The infamous 1969 trial, orchestrated by Nixon’s Department of Justice, is presided over by Judge Julius Hoffman (Frank Langella). The legal eagles are civil rights attorney William Kunstler (Mark Rylance) and Ben Weinglass (Leonard Shenkman) for the defense and Justice Department prosecutors Richard Schultz (Joseph Gordon-Levitt) and Thomas Foran (J.C. MacKenzie).

The Trial of the Chicago 7. Mark Rylance as William Kunstler, Eddie Redmayne as Tom Hayden in The Trial of the Chicago 7. Cr. Niko Tavernise/NETFLIX © 2020

The casting is impeccable. Sorkin’s breakthrough was the play “A Few Good Men” in 1989, later a movie. Known for “The West Wing,” he won an Oscar for best adapted screenplay for “The Social Network.” With his fast-paced dialogue and customary insightful monologues, Sorkin’s original screenplay now vaults to leading awards contender. It is a marvel of nuance and first amendment passion, focusing on change – how people make it happen.

Sorkin immerses us in the atmosphere of the ’60s volatile times, as dissent grew throughout the country. Martin Luther King Jr. had been assassinated in April, followed by the killing of presidential candidate U.S. Sen. Bobby Kennedy two months later. More anti-war activists took to the streets when the conflict in Southeast Asia escalated. But “the Establishment” attacked free speech and peaceful protests, fearing anarchy and widespread unrest.

His dialogue, nimbly spoken by this extraordinary ensemble, astutely advances character development and shows the duality of law – when it works in a courtroom, and when it doesn’t. With such a large cast, Sorkin has managed to bring out the distinct personalities of the iconoclast rebels.

Sorkin has shrewdly opted to concentrate only on the present with the major defendants, providing little backstory to their rise as movement leaders. While everyone snugly fits their roles, stand-outs are Eddie Redmayne as fervent Tom Hayden, convinced working inside the system is the right conduit for progress, and Sacha Baron Cohen as the mouthy disrupter Abbie Hoffman, who mastered media for his own purposes. Their different approaches lead to confrontations but ultimately, they are on the same page.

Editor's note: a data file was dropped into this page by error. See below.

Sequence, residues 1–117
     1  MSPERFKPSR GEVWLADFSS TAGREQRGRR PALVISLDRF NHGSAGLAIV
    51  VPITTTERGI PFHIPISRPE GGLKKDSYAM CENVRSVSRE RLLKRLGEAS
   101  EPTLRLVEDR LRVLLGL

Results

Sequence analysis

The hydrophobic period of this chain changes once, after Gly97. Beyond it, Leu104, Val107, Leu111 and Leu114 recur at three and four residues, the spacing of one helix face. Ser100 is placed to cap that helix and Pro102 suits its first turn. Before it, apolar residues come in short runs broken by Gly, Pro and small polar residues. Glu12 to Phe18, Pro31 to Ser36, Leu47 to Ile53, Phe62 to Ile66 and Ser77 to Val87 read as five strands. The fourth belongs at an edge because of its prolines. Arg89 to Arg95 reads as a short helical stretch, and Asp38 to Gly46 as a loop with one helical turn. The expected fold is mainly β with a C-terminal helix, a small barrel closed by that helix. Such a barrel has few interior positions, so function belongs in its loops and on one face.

As the clearly biased tyrannical judge, Frank Langella is chilling as a man who thinks he does not discriminate but his cruelty to Seale suggests otherwise. Mark Rylance, Oscar winner for the 2015 “The Bridge of Spies” and three-time Tony Award winner, will likely score nominations for his remarkable portrayal of impassioned lawyer William Kunstler.

Abdul-Mateen II, who won an Emmy for HBO’s “Watchman,” is powerful in his silence as Seale and bears the brunt of the injustice during the trial. Seale, who co-founded the Black Panthers in 1966, was just in Chicago to give a speech and did not know the other guys.

Alex Sharp excels as the dedicated Rennie Davis, who is less flashy than the other counterculture activists but whose involvement is significant nonetheless. Sharp won a Tony Award for “The Curious Incident of the Dog in the Night-Time” in 2105.

Sorkin had only directed once before, 2017’s “Molly’s Game,” an uneven but interesting account of a true story. For this legal drama, he keeps the courtroom scenes taut and the street scenes intense and chaotic.

Sorkin gets terrific assistance from cinematographer Phedon Papamichael, who shot last year’s “Ford v. Ferrari,” and editor Alan Baumgarten, known for other Sorkin films and “American Hustle.” Composer Daniel Pemberton scores the action with the right tempo without using popular protest music from the times.

As an important acknowledgement of this case in America’s evolution, “The Trial of the Chicago 7” conveys precious civil liberties. And demonstrates what makes compelling stories – Americans speaking out, what inspires revolution and why civil discourse matters.

Sasha Baron Cohen and Jeremy Strong as Abbie Hoffman and Jerry Rubin

“The Trial of the Chicago 7” is a courtroom drama based on real events, directed and written by Aaron Sorkin. It starts Eddie Redmayne, Frank Langella, Sacha Baron Cohen, Jeremy Strong, John Carroll Lynch, Alex Sharp, Michael Keaton, Joseph Gordon-Levitt, J.C. MacKenzie and Ben Schenkman. Rated: R for language throughout, some violence, bloody images and drug us, The runtime is 2 hr. 10 min. Lynn’s Grade: A
Available in select theatres Oct. 9 and on Netflix Oct. 16.